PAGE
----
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Subject: The policy issuer identifier issue


I promised at the TC call today to write up the alternatives to the
issue regarding the policy issuer, whether it should be required or not.

(Old thread is here:

There are two issues here (which are closely related).

1. How do we define the processing model in the spec document?

2. Do we make the <PolicyIssuer> element in the schema mandatory for 3.0

Regarding the processing model description, the spec is currently
written such that it refers to a specific identified trusted issuer and
also states if an XACML policy does not contain an issuer, this is
equivalent to the identified issuer.

There are three alternatives:

A) My observation is that we can simplify the spec text and remove a
couple of paragraphs of text by dropping this explicit issuer reference.
Benefit: Shorter spec.

B) An alternative option is that we always require an issuer. Benefit:
More consistent policy files.

C) We leave it optional as it is now. As Hal said, the benefit here is
that we don't have to make up our mind. :-)

Regarding issue 2, I think it is worth considering the potential for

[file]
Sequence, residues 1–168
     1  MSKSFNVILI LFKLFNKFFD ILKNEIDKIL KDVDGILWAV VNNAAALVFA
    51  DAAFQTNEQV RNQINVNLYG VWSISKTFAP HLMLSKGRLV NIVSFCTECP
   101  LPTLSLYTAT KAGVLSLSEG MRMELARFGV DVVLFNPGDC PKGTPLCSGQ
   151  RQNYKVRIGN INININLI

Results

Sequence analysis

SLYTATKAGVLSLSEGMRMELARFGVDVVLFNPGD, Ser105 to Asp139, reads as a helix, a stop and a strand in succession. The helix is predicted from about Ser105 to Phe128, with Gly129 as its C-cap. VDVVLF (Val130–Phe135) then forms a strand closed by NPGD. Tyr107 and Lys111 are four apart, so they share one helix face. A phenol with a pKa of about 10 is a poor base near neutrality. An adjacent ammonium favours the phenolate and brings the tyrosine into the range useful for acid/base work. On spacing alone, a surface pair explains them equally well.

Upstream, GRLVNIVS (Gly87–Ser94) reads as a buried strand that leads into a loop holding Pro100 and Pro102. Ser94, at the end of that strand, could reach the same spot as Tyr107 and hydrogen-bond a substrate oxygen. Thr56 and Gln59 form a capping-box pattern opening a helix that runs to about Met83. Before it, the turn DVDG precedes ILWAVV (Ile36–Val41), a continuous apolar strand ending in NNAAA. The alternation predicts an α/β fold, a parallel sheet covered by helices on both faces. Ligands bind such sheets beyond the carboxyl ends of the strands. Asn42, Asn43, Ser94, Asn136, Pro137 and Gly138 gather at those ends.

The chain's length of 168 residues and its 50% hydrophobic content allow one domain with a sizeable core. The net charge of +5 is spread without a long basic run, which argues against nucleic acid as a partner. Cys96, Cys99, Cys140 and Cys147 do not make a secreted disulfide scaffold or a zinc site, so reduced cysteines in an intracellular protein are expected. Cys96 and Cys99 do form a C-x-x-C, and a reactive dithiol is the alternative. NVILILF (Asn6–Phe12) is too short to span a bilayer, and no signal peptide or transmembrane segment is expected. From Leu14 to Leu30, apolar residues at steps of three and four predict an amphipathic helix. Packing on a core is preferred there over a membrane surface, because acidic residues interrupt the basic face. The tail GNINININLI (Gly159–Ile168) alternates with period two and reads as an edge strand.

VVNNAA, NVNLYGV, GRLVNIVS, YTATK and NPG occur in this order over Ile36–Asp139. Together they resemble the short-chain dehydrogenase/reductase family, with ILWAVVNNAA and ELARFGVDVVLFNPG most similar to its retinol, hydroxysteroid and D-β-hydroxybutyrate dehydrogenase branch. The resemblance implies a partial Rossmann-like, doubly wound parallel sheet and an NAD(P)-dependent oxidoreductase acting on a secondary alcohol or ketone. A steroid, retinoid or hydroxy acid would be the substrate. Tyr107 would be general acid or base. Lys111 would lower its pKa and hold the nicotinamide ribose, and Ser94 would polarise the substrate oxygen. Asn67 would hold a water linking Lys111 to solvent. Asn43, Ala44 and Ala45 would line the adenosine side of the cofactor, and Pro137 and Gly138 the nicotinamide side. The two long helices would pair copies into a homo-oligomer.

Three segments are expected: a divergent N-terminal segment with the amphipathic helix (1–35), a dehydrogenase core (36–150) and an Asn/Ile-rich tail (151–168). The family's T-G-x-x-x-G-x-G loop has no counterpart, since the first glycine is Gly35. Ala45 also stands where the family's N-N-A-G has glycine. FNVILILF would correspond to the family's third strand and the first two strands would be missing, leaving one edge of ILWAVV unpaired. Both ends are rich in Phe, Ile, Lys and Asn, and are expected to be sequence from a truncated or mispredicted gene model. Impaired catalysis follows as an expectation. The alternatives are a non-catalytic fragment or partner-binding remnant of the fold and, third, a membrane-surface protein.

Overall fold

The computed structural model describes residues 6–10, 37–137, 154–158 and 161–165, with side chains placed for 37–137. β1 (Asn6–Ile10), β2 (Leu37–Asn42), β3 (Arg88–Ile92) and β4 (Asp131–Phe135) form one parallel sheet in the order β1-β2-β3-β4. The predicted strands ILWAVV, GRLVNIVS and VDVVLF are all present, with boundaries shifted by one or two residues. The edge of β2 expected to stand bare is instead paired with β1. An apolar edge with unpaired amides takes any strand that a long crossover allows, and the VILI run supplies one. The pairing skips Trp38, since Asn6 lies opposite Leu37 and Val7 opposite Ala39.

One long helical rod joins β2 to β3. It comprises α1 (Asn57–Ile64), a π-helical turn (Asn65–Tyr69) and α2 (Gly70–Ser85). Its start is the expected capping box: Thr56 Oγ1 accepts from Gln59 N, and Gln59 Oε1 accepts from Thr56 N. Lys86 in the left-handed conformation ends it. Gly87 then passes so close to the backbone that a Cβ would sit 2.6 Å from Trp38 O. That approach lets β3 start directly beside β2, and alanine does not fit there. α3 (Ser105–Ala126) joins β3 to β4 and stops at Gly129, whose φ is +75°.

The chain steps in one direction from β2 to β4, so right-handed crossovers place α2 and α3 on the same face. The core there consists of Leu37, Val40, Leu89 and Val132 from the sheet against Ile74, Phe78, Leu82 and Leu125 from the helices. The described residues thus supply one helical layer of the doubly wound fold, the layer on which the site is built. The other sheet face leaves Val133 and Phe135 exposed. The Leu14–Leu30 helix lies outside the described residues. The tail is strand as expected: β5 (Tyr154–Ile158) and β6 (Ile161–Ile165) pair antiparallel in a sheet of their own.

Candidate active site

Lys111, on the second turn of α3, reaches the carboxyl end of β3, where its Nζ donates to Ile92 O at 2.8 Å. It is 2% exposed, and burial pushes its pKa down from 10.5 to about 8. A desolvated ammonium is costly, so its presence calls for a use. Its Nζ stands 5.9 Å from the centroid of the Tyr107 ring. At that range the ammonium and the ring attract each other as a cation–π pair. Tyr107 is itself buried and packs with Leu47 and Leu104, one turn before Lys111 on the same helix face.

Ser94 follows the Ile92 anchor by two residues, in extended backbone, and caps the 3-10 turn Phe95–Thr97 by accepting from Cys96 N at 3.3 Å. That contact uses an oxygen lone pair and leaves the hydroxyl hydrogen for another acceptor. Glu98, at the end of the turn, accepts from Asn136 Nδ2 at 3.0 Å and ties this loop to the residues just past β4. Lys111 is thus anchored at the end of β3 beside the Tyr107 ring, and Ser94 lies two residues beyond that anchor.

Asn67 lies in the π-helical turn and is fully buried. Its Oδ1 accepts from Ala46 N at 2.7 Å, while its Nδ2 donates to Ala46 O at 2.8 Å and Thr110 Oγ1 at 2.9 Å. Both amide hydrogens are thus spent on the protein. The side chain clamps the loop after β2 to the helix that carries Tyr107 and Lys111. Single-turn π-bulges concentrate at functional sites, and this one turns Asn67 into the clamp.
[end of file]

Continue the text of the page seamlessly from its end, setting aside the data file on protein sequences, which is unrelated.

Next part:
interoperability issues for policies signed according to the SAML
profile. (Or signed by some other means.)

The SAML profile allows wrapping an XACML policy inside a signed SAML
assertion. The signature of the assertion could be interpreted as the
issuer of the policy. In this case the issuer element of the policy can
be derived from the SAML signature (how to do this in detail of course
needs to be specified).

If we do this derivation, we can use the SAML profile in two ways.
First, we could leave out the issuer from the enveloped policy document
and say in the SAML profile spec that the XACML policy issuer is derived
from the SAML signature.

Alternatively we could say that there is an XACML issuer element, but it
has to match the XACML issuer which can be derived from the SAML signature.

If we use the first option, we should make the policy issuer element
optional in the schema since otherwise the wrapped XACML document cannot
be validated against the schema. If we specify this mode of operation in
the SAML profile, we really have to allow this in the XACML schema.
Otherwise people cannot validate the policies against the standard XACML
schema, and they need to make their own schema for signed policies which
do not contain an issuer. If people start making their own schemas we
have an interoperability issue for exchange of signed policies.

Even if we do require the explicit trusted issuer in the processing
model, we could leave the issuer element optional in the schema with the
explanation that this is intended for policies in transport or storage
where the issuer is defined by the context, for instance a signature.

My preference is to drop the trusted issuer since it simplifies/shortens
the specification text, which is a good thing. I can live with any
alternative since this is not a big deal since it really affects only
tools and implementations, not users or functionality.

I have added the SAML signature translation as a new issue: 86. SAML
profile: Policy issuer and id of signed policies


Best regards,

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